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On the edge of history

Much depends on the DMK and the AIADMK holding their outright dominance in the Lok Sabha polls in Tamil Nadu

As election fever tightens its grip on India, most recently the focus has been on the alliance prospects of the Bharatiya Janata Party and the Congress, as these two parties go about building bridges with powerful State-level parties. Nowhere else has this process been more complex and historically significant as in Tamil Nadu, the land of the erstwhile Dravidian movement.

 

Indeed, the two standard-bearers of this movement, the Dravida Munnetra Kazhagam (DMK) and the All India Anna Dravida Munnetra Kazhagam (AIADMK), have over decades had mixed feelings about ‘national parties’, which draw their strength from the ambit of New Delhi. These feelings have ranged from outright hostility to openness to forming alliances with the latter.

In its heyday, the ruling political ideology in Tamil Nadu was dominated by anti-Delhi, anti-Brahmin, anti-Hindi sentiment. The agenda of the State’s leaders remained firmly fixed on questions of State autonomy, promoting the Tamil language, and retaining a sense of distinct ethnic Tamil identity in the face of domineering impulses of a politically centralising government in New Delhi.

 

As the legatee of ‘Periyar’ E.V. Ramasamy and C.N. Annadurai, the late M. Karunanidhi, president of the DMK until his passing in August 2018, was very much the product of this school of Dravidianism.

Under him the DMK consolidated its base through the guiding principle of what academic Narendra Subramanian described as “assertive populism,” or bringing small propertied groups and small-scale traders of assorted middle castes under the umbrella of resurgent Dravidianist policymaking.

More accommodating

Nevertheless, the sharp edge of this socio-political movement was gradually blunted, especially during the final few decades of the 20th century, as Dravidianism came face to face with the federalist authority of the Government of India, which would not brook any talk of secessionism or autonomy beyond the minimal space permitted within the framework of constitutional principles.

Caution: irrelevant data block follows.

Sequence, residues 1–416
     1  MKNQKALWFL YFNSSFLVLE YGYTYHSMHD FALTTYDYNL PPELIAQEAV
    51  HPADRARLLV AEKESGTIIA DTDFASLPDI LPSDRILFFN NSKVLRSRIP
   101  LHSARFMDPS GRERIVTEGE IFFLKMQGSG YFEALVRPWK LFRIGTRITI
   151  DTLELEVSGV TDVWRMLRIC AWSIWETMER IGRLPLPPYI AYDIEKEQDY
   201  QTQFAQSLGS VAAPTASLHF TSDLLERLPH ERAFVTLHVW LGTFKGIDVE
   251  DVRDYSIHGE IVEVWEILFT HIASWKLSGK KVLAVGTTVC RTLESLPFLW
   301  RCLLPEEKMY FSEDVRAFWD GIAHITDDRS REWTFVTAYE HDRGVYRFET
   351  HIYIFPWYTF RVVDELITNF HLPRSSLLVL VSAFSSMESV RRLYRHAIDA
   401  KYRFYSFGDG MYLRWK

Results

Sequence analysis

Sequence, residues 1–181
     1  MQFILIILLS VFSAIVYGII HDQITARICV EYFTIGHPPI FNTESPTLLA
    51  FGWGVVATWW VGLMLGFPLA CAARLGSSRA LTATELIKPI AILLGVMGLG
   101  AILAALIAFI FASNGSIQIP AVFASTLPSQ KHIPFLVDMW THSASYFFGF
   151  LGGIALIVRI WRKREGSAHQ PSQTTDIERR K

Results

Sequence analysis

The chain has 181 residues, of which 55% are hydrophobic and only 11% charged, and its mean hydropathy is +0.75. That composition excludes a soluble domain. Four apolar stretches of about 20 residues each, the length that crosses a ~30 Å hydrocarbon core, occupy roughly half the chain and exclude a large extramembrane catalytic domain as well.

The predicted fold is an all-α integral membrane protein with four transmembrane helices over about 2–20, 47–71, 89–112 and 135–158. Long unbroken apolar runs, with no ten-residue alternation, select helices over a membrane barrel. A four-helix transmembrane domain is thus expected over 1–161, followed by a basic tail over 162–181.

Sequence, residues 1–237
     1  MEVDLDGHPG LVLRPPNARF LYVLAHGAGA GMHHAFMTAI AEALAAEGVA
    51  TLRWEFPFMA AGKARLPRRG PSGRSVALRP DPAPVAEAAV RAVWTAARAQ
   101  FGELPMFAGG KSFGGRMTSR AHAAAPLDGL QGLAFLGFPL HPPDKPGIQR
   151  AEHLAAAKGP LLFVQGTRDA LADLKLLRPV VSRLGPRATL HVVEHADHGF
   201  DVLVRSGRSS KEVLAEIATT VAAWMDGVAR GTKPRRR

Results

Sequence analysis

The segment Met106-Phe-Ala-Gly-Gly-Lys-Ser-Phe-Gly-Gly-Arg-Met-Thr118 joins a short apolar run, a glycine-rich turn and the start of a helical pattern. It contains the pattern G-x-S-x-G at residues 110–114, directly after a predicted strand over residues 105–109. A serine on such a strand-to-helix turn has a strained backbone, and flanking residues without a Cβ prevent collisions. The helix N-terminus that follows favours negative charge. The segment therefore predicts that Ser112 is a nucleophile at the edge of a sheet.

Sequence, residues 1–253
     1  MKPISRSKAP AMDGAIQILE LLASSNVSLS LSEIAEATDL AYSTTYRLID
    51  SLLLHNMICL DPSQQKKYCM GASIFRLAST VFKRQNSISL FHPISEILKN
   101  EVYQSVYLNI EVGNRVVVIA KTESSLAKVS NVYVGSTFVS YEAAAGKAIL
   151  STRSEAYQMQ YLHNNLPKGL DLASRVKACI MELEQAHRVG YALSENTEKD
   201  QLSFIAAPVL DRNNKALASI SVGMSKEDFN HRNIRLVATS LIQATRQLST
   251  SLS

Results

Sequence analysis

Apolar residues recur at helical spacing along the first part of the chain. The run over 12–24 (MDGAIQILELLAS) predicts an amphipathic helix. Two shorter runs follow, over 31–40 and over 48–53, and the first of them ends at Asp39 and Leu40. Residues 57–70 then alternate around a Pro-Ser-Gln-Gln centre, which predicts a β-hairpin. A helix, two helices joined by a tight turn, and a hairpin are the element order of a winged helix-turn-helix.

A second factor that reshaped the terrain of Tamil ethnic nationalism was the electoral success of the AIADMK from 1977 onward. Under M.G. Ramachandran, and later Jayalalithaa, this party promoted a different style of patronage distribution, which has come to be recognised as “benevolent populism”, driven by an all-powerful leader worshipped as a veritable political god. The party also stitched together a broader inter-caste coalition as the base for its campaign strategies, and arguably that heralded its successes through the turn of the century and beyond.

As this second wave of Dravidian politics took hold, fuelled in equal measure by leaders using cinema culture to spread party propaganda, and the distribution of mass welfare goods to secure basic living standards of the poorest demographic cohorts, Tamil Nadu’s polity evolved almost to the point of being an enlightened State. It seemed to have found that ideal policy mix, balancing economic growth priorities and industrialisation with the redistribution of the fruits of progress, including through the pioneering Noon Meal Scheme that simultaneously improved nutritional, educational and inter-caste harmony outcomes.

 

Yet it is all too well known that a dark, cancerous shadow crept across this landscape even as these remarkable progressive goals were achieved. Political leaders, for years swathed by the adulation of the masses and their party cadre, turned into robber-barons and unleashed an unstoppable culture of corruption — everything from grand larceny, loot and thuggery, to petty bribe-taking and venality on a micro-transactional scale. Tamil Nadu repeatedly found mention as a poor performer in multilateral bodies reporting on transparency, accountability and corruption levels. Industries fled the State over the years, preferring the efficient regulatory climates of Andhra Pradesh, Karnataka or other parts of India.

On fragmentation

As this generalised social reality of runaway rent-seeking gained deeper roots across the State under alternating governments of the AIADMK and DMK through the 1990s and beyond, a plethora of smaller breakaway parties emerged to the forefront within this matrix of patronage distribution, including the Paattali Makkal Katchi (PMK), Marumalarchi Dravida Munnetra Kazhagam, Tamil Maanila Congress, Viduthalai Chiruthaigal Katchi (VCK), Pudiya Tamizhagam, Desiya Murpokku Dravida Kazhagam and others. Some, such as the PMK and VCK, represented the aspirations of specific caste groups. Others, such as the TMC, were based on the supporter-base popularity and political networks of individual leaders, in this case G.K. Moopanar, formerly of the Congress.